Total household debt in the United States is more than $14.5 trillion.
Nearly 70% of that $14.5 trillion comes in the form of mortgage debt:
This makes sense when you consider the home ownership rate in the United States is roughly two-thirds of the population:
For a number of reasons, this makes housing the biggest financial asset for the majority of Americans:
Now let me explain why a little inflation is a good thing for homeowners and why housing is one of the most affective hedges against inflation.
Here’s a chart from my latest book that shows how long it takes for inflation to cut your money in half:
So if you took all your money and left it in your checking account or buried it in your backyard, it would lose 50% of its value in 23 years with a 3% inflation rate.
Investing is not just about building wealth, it’s also about not destroying wealth.
The same thing applies to your mortgage over time but in reverse.
The rate on a 30 year fixed rate mortgage is currently around 3%. Let’s say you take out a $300,000 mortgage at that rate, stay in the house for 30 years and pay off your mortgage based on the initial schedule (meaning no early payments or refinancing).
On the downside, yes you have to pay interest on that mortgage. That interest on a $300k mortgage works out to roughly $155k over the life of the loan. That’s a big number.
But inflation can help counteract those interest payments over time. If inflation runs at a rate of 2% per year over the next 30 years, your borrowing costs are now essentially down to 1% per year.1
The monthly payment on a $300k mortgage with a 3% fixed rate for 30 years is $1,265. That $1,265 includes both principal and interest payments (but not taxes).
Assuming inflation runs at 2% per year, this would mean your inflation-adjusted monthly payment would fall by a factor of 0.98 every year.2
After 10 years of 2% inflation, your monthly payment would now be 17% less at around $1,054. After 20 years, the inflation-adjusted monthly payment would be 32% less at $862. And your final payments in the last year of the loan would be 45% less than the original value or just $690 a month.
This is the beauty of inflation for people who own debt.
Now things are going to become more expensive over time because of that 2% inflation but your wages should also rise over time to account for this. Plus you can grow into a mortgage payment over time since it doesn’t change.
And inflation does take a bite out of your investments over time as well.
If your mortgage payment falls 45% over 30 years from a 2% inflation rate, the same would be true for the value of a dollar. One million dollars right now would be the equivalent of $550k in 30 years after inflation.
So this works both ways.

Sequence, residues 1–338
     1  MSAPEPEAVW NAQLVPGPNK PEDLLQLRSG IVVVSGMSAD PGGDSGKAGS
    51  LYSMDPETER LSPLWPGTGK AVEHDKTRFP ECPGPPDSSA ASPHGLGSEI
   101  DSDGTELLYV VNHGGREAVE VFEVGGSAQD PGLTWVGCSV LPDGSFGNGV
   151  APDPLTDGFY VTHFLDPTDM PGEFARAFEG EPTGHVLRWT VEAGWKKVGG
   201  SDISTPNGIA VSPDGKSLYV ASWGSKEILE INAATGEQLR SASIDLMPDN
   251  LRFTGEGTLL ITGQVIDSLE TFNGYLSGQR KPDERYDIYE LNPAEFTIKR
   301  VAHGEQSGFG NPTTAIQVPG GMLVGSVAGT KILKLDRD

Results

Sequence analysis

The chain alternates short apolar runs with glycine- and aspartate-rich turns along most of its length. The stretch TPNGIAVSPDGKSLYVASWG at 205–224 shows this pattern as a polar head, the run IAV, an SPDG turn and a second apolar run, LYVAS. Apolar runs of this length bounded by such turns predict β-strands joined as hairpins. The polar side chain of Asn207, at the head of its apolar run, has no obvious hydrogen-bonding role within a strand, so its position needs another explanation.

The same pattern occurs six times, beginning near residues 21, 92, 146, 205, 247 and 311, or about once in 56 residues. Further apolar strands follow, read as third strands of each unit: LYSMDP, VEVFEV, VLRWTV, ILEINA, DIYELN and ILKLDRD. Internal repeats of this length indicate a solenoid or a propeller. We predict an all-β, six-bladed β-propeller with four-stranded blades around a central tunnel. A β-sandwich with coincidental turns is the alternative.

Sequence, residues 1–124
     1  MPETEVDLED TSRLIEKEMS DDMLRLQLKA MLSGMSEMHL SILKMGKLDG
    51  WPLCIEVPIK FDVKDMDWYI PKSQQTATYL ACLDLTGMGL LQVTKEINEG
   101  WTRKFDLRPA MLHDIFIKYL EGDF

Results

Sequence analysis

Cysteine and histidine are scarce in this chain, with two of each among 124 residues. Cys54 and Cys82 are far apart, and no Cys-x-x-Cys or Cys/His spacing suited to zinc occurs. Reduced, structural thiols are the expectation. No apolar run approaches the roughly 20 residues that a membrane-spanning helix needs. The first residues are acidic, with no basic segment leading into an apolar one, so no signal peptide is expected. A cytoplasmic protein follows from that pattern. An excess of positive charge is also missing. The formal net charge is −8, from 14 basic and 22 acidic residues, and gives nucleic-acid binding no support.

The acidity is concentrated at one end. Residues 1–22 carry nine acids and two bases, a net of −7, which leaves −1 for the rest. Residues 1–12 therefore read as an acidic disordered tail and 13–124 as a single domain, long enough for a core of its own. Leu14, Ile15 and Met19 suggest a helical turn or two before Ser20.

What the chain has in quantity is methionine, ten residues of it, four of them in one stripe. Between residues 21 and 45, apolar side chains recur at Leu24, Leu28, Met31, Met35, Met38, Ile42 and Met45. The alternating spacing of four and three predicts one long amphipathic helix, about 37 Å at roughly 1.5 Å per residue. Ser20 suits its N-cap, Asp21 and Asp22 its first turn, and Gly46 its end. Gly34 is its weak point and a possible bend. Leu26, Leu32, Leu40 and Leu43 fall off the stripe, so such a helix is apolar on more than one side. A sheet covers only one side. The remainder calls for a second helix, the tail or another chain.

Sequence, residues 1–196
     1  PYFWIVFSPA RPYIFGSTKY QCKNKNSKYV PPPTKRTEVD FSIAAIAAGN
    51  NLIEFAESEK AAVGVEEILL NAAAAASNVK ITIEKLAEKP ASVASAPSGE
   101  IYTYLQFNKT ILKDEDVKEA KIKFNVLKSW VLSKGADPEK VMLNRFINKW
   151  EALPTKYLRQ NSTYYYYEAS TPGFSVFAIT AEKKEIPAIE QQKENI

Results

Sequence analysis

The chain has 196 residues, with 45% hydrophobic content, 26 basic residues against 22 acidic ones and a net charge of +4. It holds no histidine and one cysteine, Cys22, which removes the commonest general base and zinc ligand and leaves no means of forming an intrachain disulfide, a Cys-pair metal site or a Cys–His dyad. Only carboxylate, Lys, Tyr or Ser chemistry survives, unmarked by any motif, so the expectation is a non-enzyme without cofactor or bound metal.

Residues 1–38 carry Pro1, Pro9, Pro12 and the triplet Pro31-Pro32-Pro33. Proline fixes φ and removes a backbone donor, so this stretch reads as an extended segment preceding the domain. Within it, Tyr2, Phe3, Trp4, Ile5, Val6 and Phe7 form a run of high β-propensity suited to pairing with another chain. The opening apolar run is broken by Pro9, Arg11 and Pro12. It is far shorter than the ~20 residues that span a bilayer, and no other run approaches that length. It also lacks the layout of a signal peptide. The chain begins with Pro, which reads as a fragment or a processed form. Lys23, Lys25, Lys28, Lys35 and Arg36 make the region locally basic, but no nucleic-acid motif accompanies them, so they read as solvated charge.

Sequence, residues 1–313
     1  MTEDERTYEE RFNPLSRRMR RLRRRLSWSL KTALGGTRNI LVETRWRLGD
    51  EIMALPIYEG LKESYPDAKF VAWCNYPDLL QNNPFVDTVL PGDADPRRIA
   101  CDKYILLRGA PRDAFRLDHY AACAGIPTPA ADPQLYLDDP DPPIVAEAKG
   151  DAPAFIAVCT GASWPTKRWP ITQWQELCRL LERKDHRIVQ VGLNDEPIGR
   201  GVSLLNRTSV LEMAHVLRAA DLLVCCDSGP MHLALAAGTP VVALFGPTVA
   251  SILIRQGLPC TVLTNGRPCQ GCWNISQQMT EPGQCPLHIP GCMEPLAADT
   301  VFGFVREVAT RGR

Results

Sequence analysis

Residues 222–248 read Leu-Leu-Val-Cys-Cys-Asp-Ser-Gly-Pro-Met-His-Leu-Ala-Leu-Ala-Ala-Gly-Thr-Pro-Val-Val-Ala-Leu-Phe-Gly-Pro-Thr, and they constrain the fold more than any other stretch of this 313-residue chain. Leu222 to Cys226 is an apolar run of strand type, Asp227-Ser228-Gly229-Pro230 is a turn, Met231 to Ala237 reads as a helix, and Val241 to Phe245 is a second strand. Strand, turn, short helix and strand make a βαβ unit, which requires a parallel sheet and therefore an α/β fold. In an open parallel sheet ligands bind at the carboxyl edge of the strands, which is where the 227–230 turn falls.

But there’s another way housing protects you from inflation — it goes up over time.
Robert Shiller somehow put together a database of U.S. home prices going back to 1890.
After adjusting for inflation, the real growth in housing from 1890 through the tail-end of 20193 the total real return on housing in the United States was 77% or around 0.5% per year.
The housing industry of the late-19th and early-20th centuries was nowhere near as institutionalized as it is today, but even in more modern times, the returns aren’t that much better. Since 1950 it’s about 1% per year above inflation. It’s also around 1% per year real if you start from 1990.
It’s notoriously difficult to measure the returns in housing when you consider the costs, leverage and imputed rent involved in the transaction. I’m not sure anyone really knows what that return is from an opportunity cost perspective. And this average includes areas of much higher growth and areas where people lost money. That’s how these things work.
But even if Shiller’s numbers were right on the nose, earning even a small return above the rate of inflation over the long-term on a place you would like to live in anyways is a pretty sweet deal.
I don’t even think about my home in terms of investment returns because there is so much that goes into it beyond the spreadsheet component.
We have to live somewhere.
Schools and community are important to us.
And the psychic income involved in the homeownership process cannot be quantified.
But if you are one of those people who wants to quantify everything, housing is a pretty good hedge against inflation over the long-run.
The Simplest Asset To Hedge Against Inflation
1This is, of course, before including the tax write-off for the interest expense but also fails to account for all of the ancillary costs of homeownership.
2Obviously, inflation is not static so I’m using simple numbers here to prove a point.
3Shiller hasn’t updated his numbers through 2020 yet.